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Local

DeKalb resident participates in Illinois Solar Tour open house

Going green with government incentives saved him money

DeKALB – A year ago, DeKalb resident Bill Klein was facing the real possibility of having to leave the home he’s lived in for more than 30 years because of his exorbitant electric bills.

Because his home ran solely on electricity, he consistently was paying thousands of dollars each winter to heat his house, which was built in the mid-1800s.

However, thanks to the 30 solar panels he installed in his backyard this summer, Klein said he’s now able to stay in his home.

Klein has been so pleased with the solar system that he was excited to participate in this weekend’s Illinois Solar Tour, which was sponsored by the Illinois Solar Energy Association and featured open houses of 145 solar homes across the state.

He said that he wants to share his experience with others and encourage more people to go solar. So far, the system has provided about half of his electricity and has considerably lowered his electric bill.

“I’m retired, and I couldn’t afford the outrageous electric bills, so I needed to find something to make my house more efficient,” he said. “I love the way it looks, and it makes me feel good that it’s environmentally friendly. The state and federal government incentives [to install solar] are great right now. The state wants green energy, and this has allowed me to stay in my home.”

Garett Schweikhofer of Sunheat Solar in Batavia installed Klein’s system and said there has been a steady increase in customers over the past few years. He said more people are interested in learning how a solar-powered system can benefit them.

Schweikhofer said solar homes still are connected to the electric grid, which continues to provide electricity at night.

“On most days, solar panels can generate nearly 100 percent of electricity needed,” he said. “They still work on cloudy days, but don’t generate quite as much electricity.”

Fred Walker, who visited Klein’s open house, installed solar panels on his winter home in Florida about three years ago, and soon will install some on his DeKalb farm. He said his electric bills in Florida went down to about $9 a month.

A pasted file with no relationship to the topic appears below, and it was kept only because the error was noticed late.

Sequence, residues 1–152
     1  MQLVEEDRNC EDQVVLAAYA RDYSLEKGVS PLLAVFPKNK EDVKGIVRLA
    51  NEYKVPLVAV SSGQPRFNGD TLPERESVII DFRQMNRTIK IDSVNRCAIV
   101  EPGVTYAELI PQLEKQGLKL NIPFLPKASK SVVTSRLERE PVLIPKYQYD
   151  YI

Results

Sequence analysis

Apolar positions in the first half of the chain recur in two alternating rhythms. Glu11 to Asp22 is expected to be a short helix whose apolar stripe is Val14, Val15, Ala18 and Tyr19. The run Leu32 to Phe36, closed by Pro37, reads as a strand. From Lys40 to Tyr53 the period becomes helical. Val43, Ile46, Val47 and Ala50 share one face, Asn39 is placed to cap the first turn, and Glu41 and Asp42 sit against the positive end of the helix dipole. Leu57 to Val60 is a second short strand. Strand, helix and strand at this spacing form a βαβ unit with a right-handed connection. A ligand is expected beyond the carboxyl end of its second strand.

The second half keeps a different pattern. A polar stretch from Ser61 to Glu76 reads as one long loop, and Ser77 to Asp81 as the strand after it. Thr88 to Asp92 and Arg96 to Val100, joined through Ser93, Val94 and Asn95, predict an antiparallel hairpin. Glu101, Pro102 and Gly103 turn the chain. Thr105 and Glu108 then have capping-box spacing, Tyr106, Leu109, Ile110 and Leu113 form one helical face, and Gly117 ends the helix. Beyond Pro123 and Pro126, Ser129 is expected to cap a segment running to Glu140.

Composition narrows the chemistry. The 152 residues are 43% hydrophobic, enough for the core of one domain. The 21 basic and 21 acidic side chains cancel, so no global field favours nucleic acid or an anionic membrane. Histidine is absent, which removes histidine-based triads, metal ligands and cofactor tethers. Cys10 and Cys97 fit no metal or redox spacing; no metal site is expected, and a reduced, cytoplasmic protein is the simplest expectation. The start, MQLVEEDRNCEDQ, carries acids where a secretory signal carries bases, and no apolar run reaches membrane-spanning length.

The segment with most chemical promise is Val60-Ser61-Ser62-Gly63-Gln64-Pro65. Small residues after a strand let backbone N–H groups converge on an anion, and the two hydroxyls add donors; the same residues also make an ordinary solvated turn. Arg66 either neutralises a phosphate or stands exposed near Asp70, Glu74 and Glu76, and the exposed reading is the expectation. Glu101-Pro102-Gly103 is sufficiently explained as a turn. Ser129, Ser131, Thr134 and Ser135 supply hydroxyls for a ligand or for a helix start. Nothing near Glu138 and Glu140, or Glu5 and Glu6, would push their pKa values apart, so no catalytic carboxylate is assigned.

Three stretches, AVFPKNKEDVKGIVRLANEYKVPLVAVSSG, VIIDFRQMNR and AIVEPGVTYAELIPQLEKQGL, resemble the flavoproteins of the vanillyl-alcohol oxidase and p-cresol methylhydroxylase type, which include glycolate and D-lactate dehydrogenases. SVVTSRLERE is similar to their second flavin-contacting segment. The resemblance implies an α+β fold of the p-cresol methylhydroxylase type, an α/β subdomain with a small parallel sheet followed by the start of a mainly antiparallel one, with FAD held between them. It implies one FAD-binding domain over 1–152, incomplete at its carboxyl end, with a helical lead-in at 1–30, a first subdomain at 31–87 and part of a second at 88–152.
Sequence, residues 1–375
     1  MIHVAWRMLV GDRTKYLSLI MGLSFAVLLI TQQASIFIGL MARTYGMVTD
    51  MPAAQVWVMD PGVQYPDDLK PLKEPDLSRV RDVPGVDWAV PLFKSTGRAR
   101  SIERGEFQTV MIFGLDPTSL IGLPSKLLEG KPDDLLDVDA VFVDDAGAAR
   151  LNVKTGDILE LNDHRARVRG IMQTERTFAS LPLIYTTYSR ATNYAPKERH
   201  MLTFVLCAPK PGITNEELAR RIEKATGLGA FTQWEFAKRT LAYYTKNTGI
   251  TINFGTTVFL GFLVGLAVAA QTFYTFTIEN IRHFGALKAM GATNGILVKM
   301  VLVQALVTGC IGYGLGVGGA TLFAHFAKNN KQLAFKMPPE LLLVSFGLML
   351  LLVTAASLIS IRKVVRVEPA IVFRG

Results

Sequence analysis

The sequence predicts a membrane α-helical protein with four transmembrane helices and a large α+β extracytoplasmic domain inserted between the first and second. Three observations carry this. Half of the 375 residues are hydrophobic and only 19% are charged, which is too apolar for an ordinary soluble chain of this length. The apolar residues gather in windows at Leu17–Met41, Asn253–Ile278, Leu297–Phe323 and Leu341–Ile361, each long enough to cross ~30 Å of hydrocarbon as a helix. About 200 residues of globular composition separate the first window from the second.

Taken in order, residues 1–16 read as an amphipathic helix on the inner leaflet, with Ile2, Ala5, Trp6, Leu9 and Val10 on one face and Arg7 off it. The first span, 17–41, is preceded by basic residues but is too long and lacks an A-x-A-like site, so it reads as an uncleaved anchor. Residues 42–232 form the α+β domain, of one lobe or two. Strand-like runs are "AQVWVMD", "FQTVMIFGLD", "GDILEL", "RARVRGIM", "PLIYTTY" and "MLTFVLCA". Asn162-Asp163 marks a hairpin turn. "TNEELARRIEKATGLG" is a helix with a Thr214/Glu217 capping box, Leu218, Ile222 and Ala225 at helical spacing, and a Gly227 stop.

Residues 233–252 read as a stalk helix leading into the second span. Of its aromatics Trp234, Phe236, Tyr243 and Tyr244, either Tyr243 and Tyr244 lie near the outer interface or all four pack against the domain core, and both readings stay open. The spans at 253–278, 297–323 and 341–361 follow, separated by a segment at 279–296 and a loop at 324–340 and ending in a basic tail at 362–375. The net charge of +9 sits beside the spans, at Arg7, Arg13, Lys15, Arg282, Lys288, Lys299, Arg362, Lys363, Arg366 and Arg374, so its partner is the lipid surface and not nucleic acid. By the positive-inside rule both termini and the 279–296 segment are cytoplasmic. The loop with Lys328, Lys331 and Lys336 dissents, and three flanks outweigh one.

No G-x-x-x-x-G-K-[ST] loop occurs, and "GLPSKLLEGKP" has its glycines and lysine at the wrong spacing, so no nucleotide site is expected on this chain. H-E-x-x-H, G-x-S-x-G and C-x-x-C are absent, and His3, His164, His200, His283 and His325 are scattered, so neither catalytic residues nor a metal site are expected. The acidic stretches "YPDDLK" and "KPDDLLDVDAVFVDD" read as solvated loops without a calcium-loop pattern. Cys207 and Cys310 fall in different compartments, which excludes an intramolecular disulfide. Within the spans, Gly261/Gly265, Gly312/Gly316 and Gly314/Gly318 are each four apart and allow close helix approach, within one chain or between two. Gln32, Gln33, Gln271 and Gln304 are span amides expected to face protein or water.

“I’ve already made up my mind,” Walker said. “If you have a high electric bill, it more than pays off. We have a farm, so our electric bill [in DeKalb] is high, and I was paying about $250 a month in Florida. I think more people will be going solar.”

Although Walker already made his decision, others at the open house weren’t convinced about going solar. Barb Twombly of DeKalb said she wasn’t sure whether she wanted to install solar panels on her small farm, but was curious to learn more.

“It seems to be the thing of the future, and it is renewable energy. I don’t know if there would be a benefit for me, but I want to find out,” she said. “I do have some concerns.”

Scott Sheridan of DeKalb was interested in solar, but he wasn’t sure if the savings on his electric bill would outweigh the costs of the panel installation.

“I’ve always thought about [going solar], but I’m not sure if I will,” he said. “I think it could be worth the cost, but it would have to balance out. It looks nice, and I definitely have room for it on my property.”

The Illinois Solar Energy Association has been sponsoring the solar tours for about 12 years, which is part of a nationwide initiative to allow solar homeowners to speak directly to those who are interested in learning more. Lesley McCain, executive director of ISEA, said that thanks to incentives and recently passed state legislation, there has never been a better time to go solar.

“Public education is extremely important. People still don’t know that solar is possible in Illinois,” she said. “There are two main benefits. Once the equipment is paid off, you won’t have much of an electricity bill, which is the main driver for a lot of people. And your home is being powered by clean energy. It’s not contributing to climate change.”

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